CFP: Understanding Bias (Philosophical Psychology)
Submission deadline: February 28, 2023
Guest editor: Dr Katherine Puddifoot (Durham)
CALL FOR PAPERS
Unintentional discrimination has been given a significant amount of attention in recent decades. A large amount of research has been motivated by quantitative psychological research that uses indirect measures to gather information about what have become known as ‘implicit biases’ or ‘implicit attitudes’. However, these quantitative psychological measures do not provide the sole source of knowledge about unintentional discrimination.
Philosophical work has highlighted how a diverse range of evidence and methods can be used to understand unintentional discrimination. Such evidence includes, for example, testimony from lived experience (eg., as in the literature on micro-aggressions) and insights from machine learning. There has also been a debate about whether human psychology or institutional/social structures should be the primary focus of attention for a better understanding of unintentional discrimination.
Sample research questions include:
- Are there sources of evidence or methods that can fruitfully be used to understand unintentional discrimination that have not previously been used?
- Should some sources of evidence or methodologies be prioritised over others?
- Are there any issues of justice/injustice surrounding the use of some evidence or methodologies instead of others?
- How, if at all, can insights gleaned using different methodologies and evidence-sources be integrated into a coherent picture of unintentional discrimination?
- What should happen if different approaches to unintentional discrimination yield different accounts of what unintentional discrimination is like? How is it possible to adjudicate between different accounts developed using different methodologies or evidence?
Confirmed contributors include:
- Saray Ayala-López (California State University, Sacramento) whose interests include structural and individual explanations of bias, including linguistic bias.
- Lauren Freeman (University of Louisville) whose interests include the topic of micro-aggressions.
- Jules Holroyd (University of Sheffield) who has research expertise in implicit bias, moral responsibility, and oppressive praise.
- Gabbrielle M. Johnson (Claremont McKenna College) whose research on bias in individual agents and social structures draws on machine learning, models of scientific inference, and statistical models of the perceptual system.
- Kevin J Lande (York University) whose research in philosophy of mind, psychology, and perception focuses on the structures of our mental states.
- Aness Webster (Durham University) who has expertise in value theory, and a research focus on the role of lived experience in philosophical theorising.
- Ella Whiteley (LSE) whose research intersects ethics, social philosophy, political philosophy, and philosophy of biology, with a specific focus on salience, attention bias, and gender.
THE LEX ACADEMIC ESSAY PRIZE
As part of the special issue "Understanding Bias", the Philosophical Psychology editorial team is delighted to announce the Lex Academic® Essay Prize. This prize will be awarded to the author of the best essay on the understanding of linguistic discrimination, a philosophical preoccupation of both the journal and Lex Academic. Benefits include:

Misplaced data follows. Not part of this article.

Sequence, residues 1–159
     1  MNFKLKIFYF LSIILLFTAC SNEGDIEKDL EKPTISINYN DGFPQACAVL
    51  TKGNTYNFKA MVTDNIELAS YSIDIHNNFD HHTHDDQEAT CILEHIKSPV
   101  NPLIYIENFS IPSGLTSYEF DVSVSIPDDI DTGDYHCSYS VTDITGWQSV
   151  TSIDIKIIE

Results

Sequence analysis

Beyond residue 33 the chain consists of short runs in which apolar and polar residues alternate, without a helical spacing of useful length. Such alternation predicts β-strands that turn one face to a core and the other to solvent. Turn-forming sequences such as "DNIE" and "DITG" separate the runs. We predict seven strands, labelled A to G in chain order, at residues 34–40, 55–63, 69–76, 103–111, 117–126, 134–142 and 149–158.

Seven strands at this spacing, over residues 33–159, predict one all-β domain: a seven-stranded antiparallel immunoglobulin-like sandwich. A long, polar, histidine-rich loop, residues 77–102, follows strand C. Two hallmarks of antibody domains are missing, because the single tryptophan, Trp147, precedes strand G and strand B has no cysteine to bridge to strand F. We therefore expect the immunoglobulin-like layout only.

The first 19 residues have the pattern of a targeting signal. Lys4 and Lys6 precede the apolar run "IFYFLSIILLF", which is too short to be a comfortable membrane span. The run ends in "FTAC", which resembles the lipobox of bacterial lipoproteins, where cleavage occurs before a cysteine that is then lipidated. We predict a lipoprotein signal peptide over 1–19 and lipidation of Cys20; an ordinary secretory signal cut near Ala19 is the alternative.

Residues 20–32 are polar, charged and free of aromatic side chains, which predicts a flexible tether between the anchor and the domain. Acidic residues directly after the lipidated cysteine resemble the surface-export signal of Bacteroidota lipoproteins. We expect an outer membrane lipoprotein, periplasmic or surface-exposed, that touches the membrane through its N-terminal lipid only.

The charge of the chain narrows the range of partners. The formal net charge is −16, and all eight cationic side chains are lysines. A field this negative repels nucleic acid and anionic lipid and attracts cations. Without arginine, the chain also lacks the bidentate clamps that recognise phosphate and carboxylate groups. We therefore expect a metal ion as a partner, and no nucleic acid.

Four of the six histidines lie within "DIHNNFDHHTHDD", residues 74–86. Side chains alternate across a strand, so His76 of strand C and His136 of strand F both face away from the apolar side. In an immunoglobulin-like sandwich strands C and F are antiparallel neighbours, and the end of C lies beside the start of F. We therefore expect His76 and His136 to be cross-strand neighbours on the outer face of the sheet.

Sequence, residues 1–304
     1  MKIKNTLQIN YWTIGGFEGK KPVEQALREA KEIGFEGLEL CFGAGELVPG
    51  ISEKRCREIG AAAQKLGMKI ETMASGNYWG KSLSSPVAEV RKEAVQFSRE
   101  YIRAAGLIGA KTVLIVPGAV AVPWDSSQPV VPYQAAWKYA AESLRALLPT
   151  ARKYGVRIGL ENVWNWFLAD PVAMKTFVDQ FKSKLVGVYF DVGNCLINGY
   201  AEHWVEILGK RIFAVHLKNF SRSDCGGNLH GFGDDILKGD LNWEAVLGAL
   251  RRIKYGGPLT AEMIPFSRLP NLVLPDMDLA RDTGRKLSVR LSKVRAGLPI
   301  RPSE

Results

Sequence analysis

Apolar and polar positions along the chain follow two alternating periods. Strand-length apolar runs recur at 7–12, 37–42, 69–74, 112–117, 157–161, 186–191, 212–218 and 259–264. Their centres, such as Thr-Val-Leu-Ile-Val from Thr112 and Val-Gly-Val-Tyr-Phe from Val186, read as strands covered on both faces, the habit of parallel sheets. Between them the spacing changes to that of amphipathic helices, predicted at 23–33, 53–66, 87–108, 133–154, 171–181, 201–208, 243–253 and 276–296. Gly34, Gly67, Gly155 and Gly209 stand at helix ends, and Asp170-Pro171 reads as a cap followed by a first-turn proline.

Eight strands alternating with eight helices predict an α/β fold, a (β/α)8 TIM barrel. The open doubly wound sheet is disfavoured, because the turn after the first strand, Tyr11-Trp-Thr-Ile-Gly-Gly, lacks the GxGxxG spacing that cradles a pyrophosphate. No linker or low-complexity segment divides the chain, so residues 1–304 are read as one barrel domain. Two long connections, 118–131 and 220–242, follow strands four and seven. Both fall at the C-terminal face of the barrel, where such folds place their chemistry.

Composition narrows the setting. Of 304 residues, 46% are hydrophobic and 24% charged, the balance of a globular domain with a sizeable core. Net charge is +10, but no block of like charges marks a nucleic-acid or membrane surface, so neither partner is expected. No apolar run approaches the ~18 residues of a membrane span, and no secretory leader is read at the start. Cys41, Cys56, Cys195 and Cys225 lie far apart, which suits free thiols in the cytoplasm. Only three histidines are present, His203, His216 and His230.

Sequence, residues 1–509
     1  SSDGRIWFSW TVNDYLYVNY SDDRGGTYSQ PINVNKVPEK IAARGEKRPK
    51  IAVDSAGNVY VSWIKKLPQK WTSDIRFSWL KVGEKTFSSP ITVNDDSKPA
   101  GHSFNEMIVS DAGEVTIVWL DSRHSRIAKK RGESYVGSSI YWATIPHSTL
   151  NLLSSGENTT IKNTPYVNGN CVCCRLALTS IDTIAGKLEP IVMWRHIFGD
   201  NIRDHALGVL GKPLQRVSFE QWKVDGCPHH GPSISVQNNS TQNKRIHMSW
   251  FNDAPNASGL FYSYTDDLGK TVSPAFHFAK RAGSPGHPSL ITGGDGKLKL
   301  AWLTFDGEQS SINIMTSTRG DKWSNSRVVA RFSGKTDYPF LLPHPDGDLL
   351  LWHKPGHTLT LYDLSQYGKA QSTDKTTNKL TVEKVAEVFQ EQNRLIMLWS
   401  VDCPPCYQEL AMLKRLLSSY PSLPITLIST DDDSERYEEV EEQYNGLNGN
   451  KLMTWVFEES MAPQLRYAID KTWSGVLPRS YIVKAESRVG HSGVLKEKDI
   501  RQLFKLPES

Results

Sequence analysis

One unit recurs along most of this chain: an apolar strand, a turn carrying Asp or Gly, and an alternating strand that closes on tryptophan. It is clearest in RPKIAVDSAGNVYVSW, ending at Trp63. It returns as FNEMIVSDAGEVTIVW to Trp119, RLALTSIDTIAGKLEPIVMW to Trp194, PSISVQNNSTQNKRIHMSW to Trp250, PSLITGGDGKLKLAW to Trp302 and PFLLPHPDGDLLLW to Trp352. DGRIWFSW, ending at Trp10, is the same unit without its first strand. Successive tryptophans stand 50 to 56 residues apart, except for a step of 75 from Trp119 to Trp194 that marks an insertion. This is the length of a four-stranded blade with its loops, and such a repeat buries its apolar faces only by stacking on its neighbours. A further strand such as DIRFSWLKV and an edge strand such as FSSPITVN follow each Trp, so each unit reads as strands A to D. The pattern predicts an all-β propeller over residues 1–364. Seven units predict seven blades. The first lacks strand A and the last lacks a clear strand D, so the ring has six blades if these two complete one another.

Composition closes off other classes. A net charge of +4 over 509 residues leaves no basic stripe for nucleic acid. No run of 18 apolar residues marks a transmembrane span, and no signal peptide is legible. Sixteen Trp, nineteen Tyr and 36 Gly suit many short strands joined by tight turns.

- Editorial services on the prize-winning submission provided gratis by Lex Academic
- £1000 awarded to the author of the prize-winning submission
- Free access to the prize-winning submission granted by Philosophical Psychology for one year from the date of online publication
Eligible submissions may be on any of the advertised topics of the special issue so long as the predominant focus of the essay concerns linguistic discrimination. Topics may include – but are not limited to – the following:
- Intentional and unintentional linguistic discrimination
- Linguistic bias in philosophy and/or academia more generally
- Does Anglophone philosophy have a problem with linguistic bias?
- Are there sources of evidence or methods that can fruitfully be used to understand unintentional linguistic discrimination that have not previously been used?
- Are there any issues of linguistic justice/injustice surrounding the use of some approaches to academia over others?
- How, if at all, can insights gleaned using different methodologies and evidence-sources be integrated into a coherent picture of unintentional linguistic prejudice?
- What should happen if different approaches to linguistic discrimination yield different accounts of what linguistic discrimination is like? How is it possible to adjudicate between different accounts developed using different methodologies or evidence?
- Should some approaches to combatting unintentional linguistic discrimination be prioritised over others?
- Do the Barcelona Principles for a Globally Inclusive Philosophy go far enough? Do they go too far?
- What can institutes of higher education and related funding bodies do to help level the linguistic playing field in academia?
Lex Academic® is a specialist author services firm supporting thousands of academics and global institutions with the finest English academic copy-editing, indexing, and translation. Their mission is to level the playing field for international researchers in the social sciences, arts, and humanities.
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